resultant motion of the valve is due to two independent component
motions; one motion is produced by the eccentric-crank-arm which
moves the valve to a position of no lap plus no lead, while the
remainder of the valve movement, lap plus lead, is actuated by the
crosshead.

The principal distinction between the Walschaert and the
Stephenson valve gears, so far as steam distribution is concerned,
is that the Walschaert gear gives constant lead at all cut-offs,
whereas the Stephenson gear varies considerably in this feature.
The only time the valve of a Stephenson gear is operated by a
single eccentric is when it is in full gear forward or full gear
backwards. At all intermediate gear positions, the motion actuating
the valve is not that of a single eccentric, but a combination
motion produced by the main eccentric in gear and a sizeable
increment of motion produced by the other eccentric. Due to the
requirements of lap and lead, the angle of advance, for both
forward and backward gears, the leverage effect of the two
eccentrics of link motion are not in a diametrically opposite
phase. If they were, the link would rock about a stationary point
between the two eccentric-rod connections. Since this is not the
case, any ‘hook-up’ in either forward or backward gear,
produces a change in lead. If the arrangement of the eccentric rods
is of the ‘open-rods’ variety, ‘hookups’ in either
forward or backward gear, will cause an increase in lead;
‘Crossed-rods’ will produce a decrease in lead in the
various ‘hook-up’ positions. ‘Slip’ which occurs
between the slide-block and the link, is another annoying feature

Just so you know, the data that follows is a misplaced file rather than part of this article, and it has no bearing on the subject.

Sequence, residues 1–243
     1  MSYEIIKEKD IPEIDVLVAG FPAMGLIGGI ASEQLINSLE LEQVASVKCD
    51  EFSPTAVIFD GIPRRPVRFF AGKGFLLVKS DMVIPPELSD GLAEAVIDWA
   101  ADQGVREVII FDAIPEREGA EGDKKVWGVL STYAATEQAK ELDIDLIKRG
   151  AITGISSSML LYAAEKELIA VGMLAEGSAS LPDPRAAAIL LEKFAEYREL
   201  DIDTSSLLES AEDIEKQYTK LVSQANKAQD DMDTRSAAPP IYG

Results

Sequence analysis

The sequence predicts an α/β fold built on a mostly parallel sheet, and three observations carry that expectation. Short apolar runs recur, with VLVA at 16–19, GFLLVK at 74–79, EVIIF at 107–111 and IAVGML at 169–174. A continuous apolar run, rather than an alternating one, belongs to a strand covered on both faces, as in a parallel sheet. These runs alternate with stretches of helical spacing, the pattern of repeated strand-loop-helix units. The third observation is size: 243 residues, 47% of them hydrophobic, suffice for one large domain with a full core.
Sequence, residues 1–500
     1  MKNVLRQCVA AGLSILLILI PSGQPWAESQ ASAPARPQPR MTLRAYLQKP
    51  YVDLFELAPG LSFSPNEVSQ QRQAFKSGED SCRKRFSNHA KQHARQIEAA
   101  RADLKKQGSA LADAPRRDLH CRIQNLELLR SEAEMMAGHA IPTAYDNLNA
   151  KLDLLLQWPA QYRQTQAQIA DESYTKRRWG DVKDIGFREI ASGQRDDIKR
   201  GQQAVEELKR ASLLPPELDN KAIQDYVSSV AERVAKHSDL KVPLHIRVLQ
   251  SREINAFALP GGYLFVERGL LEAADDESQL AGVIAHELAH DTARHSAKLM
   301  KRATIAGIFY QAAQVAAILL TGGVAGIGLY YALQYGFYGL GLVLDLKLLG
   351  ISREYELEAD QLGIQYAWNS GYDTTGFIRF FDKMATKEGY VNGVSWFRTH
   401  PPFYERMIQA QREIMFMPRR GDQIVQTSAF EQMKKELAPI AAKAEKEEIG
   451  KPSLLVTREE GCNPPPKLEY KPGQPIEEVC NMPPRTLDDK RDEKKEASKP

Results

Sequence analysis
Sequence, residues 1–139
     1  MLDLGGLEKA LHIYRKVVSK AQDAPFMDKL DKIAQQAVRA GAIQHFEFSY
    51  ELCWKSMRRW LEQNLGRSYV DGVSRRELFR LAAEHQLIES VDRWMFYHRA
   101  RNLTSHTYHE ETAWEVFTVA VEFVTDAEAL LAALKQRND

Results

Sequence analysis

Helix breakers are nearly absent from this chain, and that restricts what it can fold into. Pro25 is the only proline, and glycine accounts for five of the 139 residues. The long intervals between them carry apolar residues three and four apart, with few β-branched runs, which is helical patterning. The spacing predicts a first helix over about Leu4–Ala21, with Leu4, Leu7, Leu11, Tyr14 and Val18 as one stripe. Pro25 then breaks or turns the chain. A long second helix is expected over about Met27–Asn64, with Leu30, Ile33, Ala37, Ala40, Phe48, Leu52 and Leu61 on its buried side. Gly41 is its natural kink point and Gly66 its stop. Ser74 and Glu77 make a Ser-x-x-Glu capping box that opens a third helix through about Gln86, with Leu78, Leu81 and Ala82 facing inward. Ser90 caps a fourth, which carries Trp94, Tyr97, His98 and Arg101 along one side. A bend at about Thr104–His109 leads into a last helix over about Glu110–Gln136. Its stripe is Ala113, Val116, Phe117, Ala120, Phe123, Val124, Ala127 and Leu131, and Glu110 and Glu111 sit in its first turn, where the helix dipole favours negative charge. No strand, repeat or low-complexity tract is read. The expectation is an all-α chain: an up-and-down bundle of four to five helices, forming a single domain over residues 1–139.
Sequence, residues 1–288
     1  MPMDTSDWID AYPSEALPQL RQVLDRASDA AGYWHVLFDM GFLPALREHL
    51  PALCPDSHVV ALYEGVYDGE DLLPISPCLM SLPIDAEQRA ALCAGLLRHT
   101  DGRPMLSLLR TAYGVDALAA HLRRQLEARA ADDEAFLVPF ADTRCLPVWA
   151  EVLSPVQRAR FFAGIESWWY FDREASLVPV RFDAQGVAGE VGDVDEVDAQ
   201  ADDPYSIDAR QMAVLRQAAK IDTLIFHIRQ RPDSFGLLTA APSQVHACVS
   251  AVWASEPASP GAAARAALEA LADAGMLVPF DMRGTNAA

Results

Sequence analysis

associated with the Stephenson gear a feature that tends to
increase due to wear. However, when in perfect repair with the link
in such a position that the saddle pin is directly over the
slide-block, the slip is comparatively small.

In the Walschaert valve gear, the eccentric-crank-arm, attached
to the main crank, is set at 90 degrees out of phase with the main
crank. The eccentric rod connects with the lower end of a rocking
link that is pivoted at its exact center. Connected to the
link’s slide-block is a ‘radius rod’ with one end, at
the link, extended a short space to the shifting lever, which, with
the customary linkages, terminates at the reverse lever. The
effective radius rod extends from the slide-block to a vertical
lap-and-lead lever. The lower end of this lever, through linkage,
is attached to and controlled by the motion of the crosshead. Since
the motion, due to the displacement of the crosshead, is greater
than the motion produced by the eccentric-crank-arm, the valve stem
is attached at the top, or near the top, of the lap-and-lead lever.
Its exact place of attaching depends on the type of slide-valve
used. The result, of the mechanical set-up of the Walschaert valve
gear, is that the lead remains the same at all points of cut-off
which is a desirable economic factor in the matter of efficient
distribution of steam. The special adaptability and all-around
efficiency of the Walschaert valve gear made its adoption and use
an exclusive necessity and an absolute requirement throughout the
entire era of big steam locomotives!

To complete the discussion of radial locomotive valve gears, the
Baker valve gear possesses sufficient commendable qualities to
justify consideration. Mr. A. D. Baker, a manufacturer of threshing
machinery, was granted a patent in 1903 on a valve gear for use on
traction engines. This traction engine valve gear had recognizable
and unique valve-motion features that were adaptable, with